Film Discussion 23: My Neighbor Totoro (1988)

Sorry this is a little late (over a week, I know...), but here's the recording from our discussion of My Neighbor Totoro. It was a really good discussion of what it means to be a child, how that should inform our view of the world even as we age, and what it looks like to be willing to see the unseen in our daily lives.

There is so much more to explore with this film, and once again an hour felt too short, but hopefully it at least sparked some thoughts and questions for you. Below are some links I thought were cool for further exploration.

Show Notes

Jake Cole speaks to Totoro's "unnatural" nature among children's films

TOTORO instead feels like a total anomaly among animated film or even kid's fare in general: a completely naturalistic film, driven by no consistent plot but the emotional state of its central girls, from whose imagination and feelings the entire film erupts around them. Maybe it's weird to call a film with giant creatures and Catbuses "naturalistic," but how else to account for a film that so patiently treats every variation in its characters' emotional state, where kids rejoice when they find out a delightful fantasy was a dream as if thrilled their minds could conjure such a scenario? So many animated films, including some of Miyazaki's are busy, designed to keep their young, impatient viewers' attention. TOTORO trusts that kids want a break and just to observe as much as grown-ups do, and for that it is unmatched.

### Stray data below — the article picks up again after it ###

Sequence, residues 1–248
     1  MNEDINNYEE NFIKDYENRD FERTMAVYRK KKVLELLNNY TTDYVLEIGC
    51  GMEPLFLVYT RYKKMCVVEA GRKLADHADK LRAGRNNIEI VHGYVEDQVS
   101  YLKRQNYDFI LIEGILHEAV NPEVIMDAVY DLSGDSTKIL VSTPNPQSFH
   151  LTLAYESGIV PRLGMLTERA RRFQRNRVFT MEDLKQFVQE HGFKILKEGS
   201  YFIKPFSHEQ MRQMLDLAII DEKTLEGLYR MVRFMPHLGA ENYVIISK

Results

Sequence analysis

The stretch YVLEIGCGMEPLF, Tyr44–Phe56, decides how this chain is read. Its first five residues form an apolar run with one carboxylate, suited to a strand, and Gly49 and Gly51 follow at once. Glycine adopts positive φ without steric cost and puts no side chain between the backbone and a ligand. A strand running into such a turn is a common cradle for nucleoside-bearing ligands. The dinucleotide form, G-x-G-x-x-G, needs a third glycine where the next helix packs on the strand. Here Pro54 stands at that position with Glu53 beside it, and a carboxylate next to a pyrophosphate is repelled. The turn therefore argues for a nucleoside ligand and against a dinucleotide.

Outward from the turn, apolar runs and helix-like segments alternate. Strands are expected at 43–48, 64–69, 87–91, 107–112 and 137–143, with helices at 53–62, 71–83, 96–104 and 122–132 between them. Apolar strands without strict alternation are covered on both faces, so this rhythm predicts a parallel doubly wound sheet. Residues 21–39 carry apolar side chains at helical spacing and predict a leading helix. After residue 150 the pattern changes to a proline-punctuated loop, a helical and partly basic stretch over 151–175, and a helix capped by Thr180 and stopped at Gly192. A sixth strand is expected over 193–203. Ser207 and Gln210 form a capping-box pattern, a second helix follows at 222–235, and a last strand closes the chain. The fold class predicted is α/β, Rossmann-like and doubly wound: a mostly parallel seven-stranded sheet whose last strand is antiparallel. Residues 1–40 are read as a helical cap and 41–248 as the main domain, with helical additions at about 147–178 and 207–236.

Roger Ebert's succinct summary of why we love this film so much

Here is a children's film made for the world we should live in, rather than the one we occupy. A film with no villains. No fight scenes. No evil adults. No fighting between the two kids. No scary monsters. No darkness before the dawn. A world that is benign. A world where if you meet a strange towering creature in the forest, you curl up on its tummy and have a nap.

Ben Brandt

Ben is a front-end developer with a love for all things web. When he isn't coding for his 8-to-5, he's usually running, watching movies, or playing with new web frameworks and languages.

Portland, OR

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